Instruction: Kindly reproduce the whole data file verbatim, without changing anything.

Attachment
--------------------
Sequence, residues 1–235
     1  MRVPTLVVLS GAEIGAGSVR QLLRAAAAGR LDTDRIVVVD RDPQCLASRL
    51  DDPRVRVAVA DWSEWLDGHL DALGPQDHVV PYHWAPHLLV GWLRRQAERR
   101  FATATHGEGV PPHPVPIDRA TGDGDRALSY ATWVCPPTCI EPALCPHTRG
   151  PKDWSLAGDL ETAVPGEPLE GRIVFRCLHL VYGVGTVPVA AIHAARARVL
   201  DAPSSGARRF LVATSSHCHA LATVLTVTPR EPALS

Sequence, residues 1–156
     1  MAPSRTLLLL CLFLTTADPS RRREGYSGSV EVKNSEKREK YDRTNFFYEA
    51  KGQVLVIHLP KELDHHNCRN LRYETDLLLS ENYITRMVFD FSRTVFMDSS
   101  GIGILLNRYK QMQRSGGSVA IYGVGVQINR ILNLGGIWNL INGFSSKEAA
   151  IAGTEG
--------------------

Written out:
Sequence, residues 1–235
     1  MRVPTLVVLS GAEIGAGSVR QLLRAAAAGR LDTDRIVVVD RDPQCLASRL
    51  DDPRVRVAVA DWSEWLDGHL DALGPQDHVV PYHWAPHLLV GWLRRQAERR
   101  FATATHGEGV PPHPVPIDRA TGDGDRALSY ATWVCPPTCI EPALCPHTRG
   151  PKDWSLAGDL ETAVPGEPLE GRIVFRCLHL VYGVGTVPVA AIHAARARVL
   201  DAPSSGARRF LVATSSHCHA LATVLTVTPR EPALS

Sequence, residues 1–156
     1  MAPSRTLLLL CLFLTTADPS RRREGYSGSV EVKNSEKREK YDRTNFFYEA
    51  KGQVLVIHLP KELDHHNCRN LRYETDLLLS ENYITRMVFD FSRTVFMDSS
   101  GIGILLNRYK QMQRSGGSVA IYGVGVQINR ILNLGGIWNL INGFSSKEAA
   151  IAGTEG